Civic duty to help police
Two street gangsters were reluctant witnesses recently at a Juvenile Court hearing to decide whether an 18-year-old man should be tried as an adult on charges of fatally shooting a bystander in an attempt to shoot a gang member who had disrespected him.
The young men had to be arrested to get them into court and there was uncertainty about whether they would give testimony about what happened during the Sept. 19 shooting. Both feared for their safety if they testified.
As violent crime, much of it gang-related, ravages inner-city neighborhoods across the country, the issue of “snitching” has been a major concern. Law enforcement and criminal justice officials say efforts to get criminals off the streets are hindered by the reluctance of residents to cooperate with authorities.
Reporter Don Wade and photographer Mike Brown spent several months exploring Memphis’ growing gang culture, talking to members past and present, to people trying to help young men leave gangs, and to law enforcement.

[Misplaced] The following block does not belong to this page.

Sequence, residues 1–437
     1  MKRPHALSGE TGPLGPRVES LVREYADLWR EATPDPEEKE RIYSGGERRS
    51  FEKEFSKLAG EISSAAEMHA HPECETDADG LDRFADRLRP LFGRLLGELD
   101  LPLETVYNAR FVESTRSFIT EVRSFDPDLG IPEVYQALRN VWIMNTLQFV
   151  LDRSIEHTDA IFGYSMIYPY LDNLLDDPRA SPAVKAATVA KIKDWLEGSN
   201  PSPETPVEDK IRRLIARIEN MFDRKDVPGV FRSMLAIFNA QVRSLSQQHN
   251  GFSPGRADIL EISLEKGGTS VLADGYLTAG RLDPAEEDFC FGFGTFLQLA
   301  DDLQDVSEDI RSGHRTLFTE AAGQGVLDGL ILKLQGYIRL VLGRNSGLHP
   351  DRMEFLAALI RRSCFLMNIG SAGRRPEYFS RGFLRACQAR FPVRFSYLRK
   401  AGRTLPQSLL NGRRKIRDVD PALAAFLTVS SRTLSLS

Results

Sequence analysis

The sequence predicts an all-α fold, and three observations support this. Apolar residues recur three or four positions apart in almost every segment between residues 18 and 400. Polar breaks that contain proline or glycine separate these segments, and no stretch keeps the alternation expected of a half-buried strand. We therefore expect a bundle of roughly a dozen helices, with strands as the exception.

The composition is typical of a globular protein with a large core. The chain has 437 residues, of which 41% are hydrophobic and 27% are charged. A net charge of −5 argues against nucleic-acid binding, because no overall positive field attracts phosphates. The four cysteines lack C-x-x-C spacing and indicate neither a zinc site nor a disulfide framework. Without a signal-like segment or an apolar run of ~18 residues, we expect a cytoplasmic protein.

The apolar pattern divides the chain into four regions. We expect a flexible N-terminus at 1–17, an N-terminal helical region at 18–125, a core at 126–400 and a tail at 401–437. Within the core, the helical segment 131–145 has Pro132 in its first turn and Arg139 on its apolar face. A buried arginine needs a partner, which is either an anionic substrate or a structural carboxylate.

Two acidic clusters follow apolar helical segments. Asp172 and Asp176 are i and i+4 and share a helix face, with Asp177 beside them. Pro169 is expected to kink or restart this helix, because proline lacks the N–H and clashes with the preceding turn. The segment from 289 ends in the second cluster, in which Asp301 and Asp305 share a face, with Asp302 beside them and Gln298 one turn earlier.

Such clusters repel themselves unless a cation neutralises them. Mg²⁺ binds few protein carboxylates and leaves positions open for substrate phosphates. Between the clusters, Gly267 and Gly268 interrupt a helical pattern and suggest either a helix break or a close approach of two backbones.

Some people don’t snitch because it could subject them to deadly reprisal attacks. Others remain silent because of hostility toward police.
It is easy to say that citizens have the responsibility to help police catch criminals, but some empathy has to be shown for those who, if they cooperate with police, run the risk of having their homes riddled with bullets by a revenge-seeking assailant.
To their credit, the two witnesses forced to appear in Juvenile Court did testify.
Reprisal shootings between rival street gang members are not uncommon. That makes it understandable why the two witnesses at this hearing were reluctant to testify. Prosecutors are not blind to the danger and try to do what they can to protect witnesses, including pushing for longer sentences for defendants and others who try to intimidate witnesses.
Here is something to think about: If residents who have to live with violence are not willing to step up and help police, then the criminals win. The gun wielders will continue to terrorize neighborhoods, making it too dangerous to sit on a porch on a summer evening or play in a park.
-The Commercial Appeal, Memphis